That was the message from drinks firms contacted by SLTN, who said licensees with a thorough understanding of their whisky range – and their outlet’s clientele – stand to reap the rewards.
Ian Peart of Pernod Ricard, the firm behind Chivas Regal and The Glenlivet, said Scotch whisky “contains more flavour diversity than any other spirit”, potentially providing something for everyone.
“In order to capitalise on this opportunity, pubs must consider stocking varying styles of whisky in order to offer a taste for everyone, therefore appealing to a wider audience,” said Peart.
“Licensees can take a steer from broader trends to help inform their portfolio decisions – in particular the continued growth of premium spirits.
“As a result, there is a significant opportunity for licensees to drive profit margins by stocking a range of premium whiskies.”
To make the most of the variety available in the whisky category, Michelle Lansdowne of Burn Stewart Distillers, the firm behind Black Bottle, suggested operators take a step into the unknown.
“My advice would be to look at stocking a few niche brands in addition to mainstream ones,” said Lansdowne.
“Consumers are always looking to explore lesser-known brands and enjoy discovering new products.”
Jennifer Meenan, Auchentoshan brand manager at Morrison Bowmore, whose other whisky brands include Glen Garioch and Bowmore, agreed that a broad range of whiskies could attract a wide customer base, suggesting that such a range could open the category up to new drinkers.
“Engaging and educating a younger, discerning whisky drinker who is just starting their whisky journey with a single malt from each region will help them to broaden their knowledge and enjoyment of whiskies,” said Meenan.
Stocking a range is only half the battle for operators, however.
Look at stocking a few niche brands in addition to mainstream ones.
Meenan highlighted cocktails as a “key growth area” for whisky in the Scottish trade, attributing the trend to consumer demand as well as bartenders with a “desire to experiment”.
The growth in popularity of whisky cocktails was also highlighted by Roy Summers, on-trade sales director at First Drinks, whose brands include single malts Glenfiddich and The Balvenie.
“Cocktails are in year on year growth in the on-trade, and although other spirits categories are also driving this, malt whisky has seen uplifted sales as a result of it being promoted in cocktails in the past,” said Summers.
Jim Grierson, on-trade sales director at Maxxium UK, was another advocate of whisky cocktails.
However he also pointed to the importance of a well put together whisky menu to highlight the range.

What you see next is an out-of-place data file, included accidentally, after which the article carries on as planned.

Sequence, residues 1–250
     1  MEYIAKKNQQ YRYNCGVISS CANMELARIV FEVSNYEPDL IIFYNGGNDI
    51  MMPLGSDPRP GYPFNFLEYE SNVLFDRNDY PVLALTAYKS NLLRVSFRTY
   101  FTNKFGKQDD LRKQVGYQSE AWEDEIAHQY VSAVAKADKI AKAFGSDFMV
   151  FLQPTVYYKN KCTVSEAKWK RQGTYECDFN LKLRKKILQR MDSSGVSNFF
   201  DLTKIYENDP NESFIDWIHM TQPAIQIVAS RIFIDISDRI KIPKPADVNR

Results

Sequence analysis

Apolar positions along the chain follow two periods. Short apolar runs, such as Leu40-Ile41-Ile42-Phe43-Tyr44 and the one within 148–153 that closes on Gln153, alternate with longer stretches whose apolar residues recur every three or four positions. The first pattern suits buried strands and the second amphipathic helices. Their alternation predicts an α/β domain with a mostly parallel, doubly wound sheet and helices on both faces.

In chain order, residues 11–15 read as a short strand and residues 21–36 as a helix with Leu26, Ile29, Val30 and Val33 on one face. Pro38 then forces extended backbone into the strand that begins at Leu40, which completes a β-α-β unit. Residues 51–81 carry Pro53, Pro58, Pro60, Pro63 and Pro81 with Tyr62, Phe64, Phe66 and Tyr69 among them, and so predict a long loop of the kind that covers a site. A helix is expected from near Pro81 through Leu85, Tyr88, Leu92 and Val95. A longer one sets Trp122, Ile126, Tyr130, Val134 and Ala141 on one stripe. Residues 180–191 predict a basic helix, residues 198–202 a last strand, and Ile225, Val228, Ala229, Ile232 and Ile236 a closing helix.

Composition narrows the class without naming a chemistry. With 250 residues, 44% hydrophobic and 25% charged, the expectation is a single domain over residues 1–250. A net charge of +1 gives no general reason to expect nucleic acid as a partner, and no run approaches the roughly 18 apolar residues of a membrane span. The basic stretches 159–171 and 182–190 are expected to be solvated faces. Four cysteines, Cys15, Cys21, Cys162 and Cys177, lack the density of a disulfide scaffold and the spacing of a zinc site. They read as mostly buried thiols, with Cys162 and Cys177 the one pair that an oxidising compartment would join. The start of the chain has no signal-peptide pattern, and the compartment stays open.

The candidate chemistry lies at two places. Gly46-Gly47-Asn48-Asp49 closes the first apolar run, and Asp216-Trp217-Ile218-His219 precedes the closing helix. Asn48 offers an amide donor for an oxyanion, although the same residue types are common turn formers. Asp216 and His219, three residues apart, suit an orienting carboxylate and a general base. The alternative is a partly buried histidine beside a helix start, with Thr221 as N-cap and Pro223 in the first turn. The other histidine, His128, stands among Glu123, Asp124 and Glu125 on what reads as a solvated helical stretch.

And he advised operators to “make sure staff highlight the fact that there are new things to try”.
“Menus provide visibility and well-trained staff can share their passion and knowledge, providing consumer education and driving brand awareness,” said Grierson.
“A great atmosphere and quality of experience are still perceived by consumers as more important than price.
“This is best summed up as consumers wanting value for money.”
Neil Boyd, director of malts at Ian Macleod Distillers, whose whisky brands include Glengoyne and Tamdhu, said staff training is essential to help pub-goers navigate the whisky category.
“One obvious way [to boost sales] is to have your bar staff well trained, and that is something we do a lot of,” said Boyd.
“We do it in-bar and we do it at the distillery.
“People understand that the consumer wants to know why they should drink one brand over another.
“They expect bar staff in Scotland to understand the category.
“It’s important, if you want to be taken seriously, that your staff are well trained.”
It’s a view shared by Cara Laing of family-owned whisky firm Douglas Laing & Co.
“Whisky is so often all about recommendation, if staff are able to speak with some knowledge and enthusiasm it’s a massive advantage and can only help drive sales,” she said.
Training and product range aside, there are other steps publicans can take to help drive purchase of whiskies in their outlets.
“Operators should ensure whiskies are visible and easy for consumers to select from by creating a whisky section on the back bar and bringing it to life to give a disruptive effect which will engage consumers,” said a spokeswoman for Diageo, the firm behind whiskies such as Johnnie Walker, Lagavulin and Talisker.
Consumers expect bar staff in Scotland to understand the category.
“Staff should also be involved with this process by tasting and learning about each whisky category, so they can effectively sell the product to the consumer.
“Simple initiatives, like ‘malt of the week’ are proven category drivers.”
Laing was also supportive of promotional initiatives in the on-trade.
“A ‘malt of the month’ can help as it may entice you off your favourite brand and onto something else and who knows, you may like it,” said Laing.
Enticing new drinkers to the whisky category, and particularly to single malts, is a task that could also benefit from more teamwork between publicans and distilleries, said Margaret Mary Clarke, senior brand manager for Old Pulteney at Inver House Distillers.
“Sampling is key to attracting new consumers to the category as new consumers may not necessarily try single malts if they have to pay for it, therefore suppliers need to work with publicans to drive consumers to trial,” she said.